This case video is a continuation of the [Part 1 of Hopeless Maxillary Anterior Tooth](https://community.osseonews.com/t/the-management-of-a-hopeless-maxillary-anterior-tooth-part-i/195) discussed post-extraction socket healing and site development for implant placement. In Part II of the series, we describe the implant placement, provisionalization and final restoration. Despite successful regeneration of the original defect, the contour was obviously deficient and was addressed by employing the "Sandwich Technique". This entailed the use of an autogenous bone layer (see Autogenous Bone Collector or Disposable Bone Scraper ) followed by Xenograft Particulate that is layered over the autogenous bone. Following integration, a provisional was fabricated to shape and contour the peri-implant tissue and a final restoration was fabricated. One interesting topic that is brought up during the restoration phase is the issue of residual xenograft material in peri-implant soft tissue. How to handle the residual graft is still somewhat debatable with some clinicians claiming it should be cleaned out with other suggesting it's good for stability of the soft tissue.
Nice Case. Do you expect further papilla regeneration over the next 6 months or 12 months? A follow-up photo at these points in time would be interesting.
Thanks so much. I wish I had a long-term follow up photo to share. This case was done over 10 years ago and the patient disappeared soon after the implant was restored. I am not so confident that the papilla would have completely regenerated. I believe as a result of the multiple surgeries and flap reflections there was some interproximal bone loss which would preclude 100% papilla fill unless the contact was raised. What do you think?
You're probably right. Many or most patients are still very pleased even when there is a little less than 100% regeneration. I think it is a trait of implant surgeons and restorative dentists to feel pressure for the 100% result. This is part of our nature and it is reinforced by all the AAP and AO presentations we attend showing amazing results in the esthetic zone.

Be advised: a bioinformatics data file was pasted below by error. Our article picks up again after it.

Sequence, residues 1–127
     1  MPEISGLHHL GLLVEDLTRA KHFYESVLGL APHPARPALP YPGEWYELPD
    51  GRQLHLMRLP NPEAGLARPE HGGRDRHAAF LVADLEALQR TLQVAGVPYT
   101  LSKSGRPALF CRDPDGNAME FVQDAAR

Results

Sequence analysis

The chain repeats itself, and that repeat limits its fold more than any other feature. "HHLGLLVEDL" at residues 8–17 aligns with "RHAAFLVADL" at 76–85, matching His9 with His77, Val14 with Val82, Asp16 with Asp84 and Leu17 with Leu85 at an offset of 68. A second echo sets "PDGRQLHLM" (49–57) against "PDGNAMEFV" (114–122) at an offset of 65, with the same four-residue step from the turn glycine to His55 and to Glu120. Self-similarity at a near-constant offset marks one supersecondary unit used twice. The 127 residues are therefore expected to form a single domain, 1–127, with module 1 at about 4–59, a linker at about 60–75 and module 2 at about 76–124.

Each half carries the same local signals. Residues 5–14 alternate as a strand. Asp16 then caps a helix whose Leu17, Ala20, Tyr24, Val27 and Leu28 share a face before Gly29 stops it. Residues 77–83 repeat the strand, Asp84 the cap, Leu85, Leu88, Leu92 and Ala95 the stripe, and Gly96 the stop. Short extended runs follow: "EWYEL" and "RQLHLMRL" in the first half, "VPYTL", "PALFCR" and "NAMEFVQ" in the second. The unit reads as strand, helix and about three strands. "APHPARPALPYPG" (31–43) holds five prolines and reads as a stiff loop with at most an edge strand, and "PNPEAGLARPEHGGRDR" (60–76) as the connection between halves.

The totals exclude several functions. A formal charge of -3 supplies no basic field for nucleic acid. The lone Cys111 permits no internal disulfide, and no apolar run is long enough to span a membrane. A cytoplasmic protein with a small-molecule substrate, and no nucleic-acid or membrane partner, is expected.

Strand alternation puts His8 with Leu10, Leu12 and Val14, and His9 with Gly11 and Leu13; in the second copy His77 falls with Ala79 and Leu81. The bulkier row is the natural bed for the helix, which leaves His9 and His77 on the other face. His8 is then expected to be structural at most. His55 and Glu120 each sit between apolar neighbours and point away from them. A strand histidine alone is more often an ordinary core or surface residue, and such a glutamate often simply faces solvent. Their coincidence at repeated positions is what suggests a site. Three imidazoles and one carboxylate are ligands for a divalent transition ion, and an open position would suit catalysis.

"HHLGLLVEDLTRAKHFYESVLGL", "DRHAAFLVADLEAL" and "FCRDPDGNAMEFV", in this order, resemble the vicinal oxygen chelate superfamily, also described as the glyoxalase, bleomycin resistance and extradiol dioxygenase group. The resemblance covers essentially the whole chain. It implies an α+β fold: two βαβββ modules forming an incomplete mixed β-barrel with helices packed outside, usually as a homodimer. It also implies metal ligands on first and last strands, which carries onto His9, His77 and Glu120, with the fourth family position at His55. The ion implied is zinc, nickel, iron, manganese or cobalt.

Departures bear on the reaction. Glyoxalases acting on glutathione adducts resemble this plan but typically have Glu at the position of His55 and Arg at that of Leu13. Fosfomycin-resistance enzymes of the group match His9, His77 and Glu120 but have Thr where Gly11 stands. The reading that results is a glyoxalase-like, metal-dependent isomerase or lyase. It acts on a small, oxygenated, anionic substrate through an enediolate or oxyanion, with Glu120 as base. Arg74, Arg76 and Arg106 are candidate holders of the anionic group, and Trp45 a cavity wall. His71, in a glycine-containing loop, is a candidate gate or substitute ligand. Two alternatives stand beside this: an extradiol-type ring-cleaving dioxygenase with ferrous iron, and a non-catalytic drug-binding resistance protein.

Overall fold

I do generally expect improved papilla form and embrasure fill 6 to 12 months following insertion of the restoration.
If possible, would you be able to share a case or two which demonstrate that? Thanks for the discussion!
Good case and great discussions. I have two questions for you:
- Did you take into consideration Tarnow’s predictability criteria for the occurrence of black triangles post operatively (i.e., pre-operative bone level assessment and planned implant position based on this bone level)?
- In the event that this patient did have a high smile line, how would you have gone about addressing the black triangle issue? Would you have considered a soft tissue graft with a long term sling type suture? What are your thoughts on a pin-hole type procedure post-operatively to coronally reposition the interproximal tissue to close the black triangles?
Would love to hear your comments and input on these.
Dr. Ajay Kashi
Both great questions. I think that from a pre-operative perspective, the assessment of the smile line is critical in terms of patient expectations. This particular case had a very scalloped architecture with a “thinner” biotype and the likelihood of maintaining or re-establishing the identical papilla is low. Additionally, bc of the nature of the bone defect and the inability to immediately place and provisionalize without raising a full thickness flap, the likelihood is even less. I do not think a soft tissue graft would help in terms of the papilla since it would not address the interproximal bone levels, even with a sling-type or composite-stabilizing suture.
Had this been an esthetically demanding case with a high smile line, a consideration of additional prosthetics to adjacent teeth would have been indicated to control contours and proximal contacts.
Thanks for your input. Appreciate it.